I finally reached a place where I only held two centralized training events per year. I gathered all of the group leaders each Fall to introduce them to the new curriculum and to recruit coaches from our established leaders. In the book, I refer to this as the “Sneak Peek.”
The second meeting was often a group leaders’ retreat early in the year. We would choose a place that was an hour and a half or so away. (In California, this retreat was in Monterey, so if you have that option, take it!) The leaders would pay for their lodging and some of their meals. I would budget for the speaker. This became a very popular event for our leaders. The best part was the leaders could articulate things they learned at the retreat six months after the retreat, because the training was set apart from the normal routine of life.
I appreciate honest questions like this. I don’t believe the hosts versus leaders thing needs to be an either/or. I see it more like Stage 1 and Stage 2. If people don’t respond to an invitation to lead, then an invitation to “host” might do the trick. Personally, I think the term “host” is a bit dated at this point. There are other ways to invite people to lead without using the word “leader.”
Training is not a dinosaur, but the form of centralized training might be. Someone asked me once why I thought their leaders didn’t come to their training. Having no knowledge of this person’s training, I said, “Well, they don’t come because your training is boring and irrelevant.” He was taken aback. How could I make such an accusation about his training? I told him I knew it because that’s why people didn’t come to my training meetings. The good news is there are so many ways to communicate with people these days, there are many training opportunities, we just need to update our methods.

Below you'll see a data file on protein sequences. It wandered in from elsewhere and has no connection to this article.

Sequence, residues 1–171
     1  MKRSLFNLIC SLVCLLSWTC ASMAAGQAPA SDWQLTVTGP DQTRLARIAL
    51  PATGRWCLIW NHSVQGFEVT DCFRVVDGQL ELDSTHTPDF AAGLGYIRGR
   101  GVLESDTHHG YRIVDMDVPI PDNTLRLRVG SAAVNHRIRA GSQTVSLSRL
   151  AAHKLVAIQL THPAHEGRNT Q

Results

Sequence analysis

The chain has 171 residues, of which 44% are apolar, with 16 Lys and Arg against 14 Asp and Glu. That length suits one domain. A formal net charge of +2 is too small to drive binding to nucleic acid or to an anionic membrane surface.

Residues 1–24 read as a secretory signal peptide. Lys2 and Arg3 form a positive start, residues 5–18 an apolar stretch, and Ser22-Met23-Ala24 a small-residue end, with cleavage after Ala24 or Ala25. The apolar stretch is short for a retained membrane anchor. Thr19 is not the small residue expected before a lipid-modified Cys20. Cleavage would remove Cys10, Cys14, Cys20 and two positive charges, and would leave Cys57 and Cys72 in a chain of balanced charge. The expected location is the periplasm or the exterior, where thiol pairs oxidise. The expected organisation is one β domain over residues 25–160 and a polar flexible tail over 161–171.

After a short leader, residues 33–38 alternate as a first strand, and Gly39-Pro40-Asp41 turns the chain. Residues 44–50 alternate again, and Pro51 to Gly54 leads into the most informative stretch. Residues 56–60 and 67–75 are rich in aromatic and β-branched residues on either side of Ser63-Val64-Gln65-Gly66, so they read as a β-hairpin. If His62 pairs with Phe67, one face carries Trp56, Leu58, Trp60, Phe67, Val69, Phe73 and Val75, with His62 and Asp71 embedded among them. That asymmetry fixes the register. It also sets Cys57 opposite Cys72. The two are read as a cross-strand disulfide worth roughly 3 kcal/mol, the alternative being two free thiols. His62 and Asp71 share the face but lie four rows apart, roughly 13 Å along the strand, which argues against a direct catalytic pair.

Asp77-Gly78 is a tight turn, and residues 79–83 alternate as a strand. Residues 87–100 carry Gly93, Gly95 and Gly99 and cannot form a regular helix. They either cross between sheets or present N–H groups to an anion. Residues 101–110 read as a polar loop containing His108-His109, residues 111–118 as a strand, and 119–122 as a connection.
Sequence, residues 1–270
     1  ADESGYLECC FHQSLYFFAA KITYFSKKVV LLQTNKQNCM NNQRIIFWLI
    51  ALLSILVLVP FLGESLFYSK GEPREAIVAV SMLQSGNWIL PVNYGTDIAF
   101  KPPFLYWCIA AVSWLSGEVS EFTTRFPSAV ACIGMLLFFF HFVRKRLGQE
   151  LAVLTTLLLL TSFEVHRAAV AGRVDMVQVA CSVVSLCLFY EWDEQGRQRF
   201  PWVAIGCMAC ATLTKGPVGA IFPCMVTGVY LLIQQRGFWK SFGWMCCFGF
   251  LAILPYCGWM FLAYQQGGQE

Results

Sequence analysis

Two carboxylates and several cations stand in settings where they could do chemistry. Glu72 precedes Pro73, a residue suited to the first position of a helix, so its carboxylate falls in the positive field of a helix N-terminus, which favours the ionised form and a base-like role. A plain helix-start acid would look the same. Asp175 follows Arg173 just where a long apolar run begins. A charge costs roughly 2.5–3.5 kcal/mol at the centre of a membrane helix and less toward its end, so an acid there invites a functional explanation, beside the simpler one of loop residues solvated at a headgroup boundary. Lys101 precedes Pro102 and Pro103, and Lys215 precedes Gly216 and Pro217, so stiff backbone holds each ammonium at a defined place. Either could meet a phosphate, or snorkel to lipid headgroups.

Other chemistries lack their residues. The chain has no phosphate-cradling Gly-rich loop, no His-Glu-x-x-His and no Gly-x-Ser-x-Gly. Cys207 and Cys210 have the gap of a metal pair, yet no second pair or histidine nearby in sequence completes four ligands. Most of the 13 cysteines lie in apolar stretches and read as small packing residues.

By Allen White
I’ve seen small group launches go really well. And, I’ve had churches come to me after the launch or a series of launches and ask for help. Not so secretly, I really wish I had the opportunity to talk to them first. Any church only has so many opportunities to successfully launch groups and connect the majority of their members. Failure to launch in these circumstances is fatal for future launch attempts.
As I’ve worked with churches, large and small, across North America, I have discovered seven things that help churches successfully launch groups. By having these things in place, you have a better chance of recruiting the leaders and coaches you need, forming groups that will last, and make your senior pastor a raving fan of groups.
Insight #1: Choose the Right Topic.
The right or wrong topic will make or break your launch. Think about who you are trying to connect: church members or folks in the community. If you chose a mature topic like tithing or fasting, more than likely you’ll have a tough road getting your members to participate let alone anyone from outside of your church. Think about topics that would be a felt need for your people and your community.
I’ve coached churches who have done a two step strategy with this. The first campaign was used to connect and cast vision to the church body. The second campaign was designed for the church to reach the community. For instance, Capital Area Christian Church in the Harrisburg, PA area launched a New Year’s series in 2015 called Manifesto. This series laid out the vision and mission of the church to their people. Then, after Easter 2015, the launched a second series called Monsters Under the Bed, which addresses the topic of fear — now that’s a significant felt need. In the second series, they connect more in their congregation, but also quite a few in their community.
Insight #2: Lower the Bar on Leadership.
That doesn’t mean throwing people who are completely unprepared with no coach into the deep end. When I say, “lower the bar” I mean temporarily setting aside your requirements for short term series groups. These groups aren’t advertised. You don’t send people to these groups. You invite people who are open to doing a study with their friends give small groups a try. Maybe for the first time.
If they have a good experience leading a group, then invite them to do more. Eventually, you will offer them a leadership track to make them official leaders. If things didn’t go so well for them, then thank them for giving it a try and encourage them to try another ministry.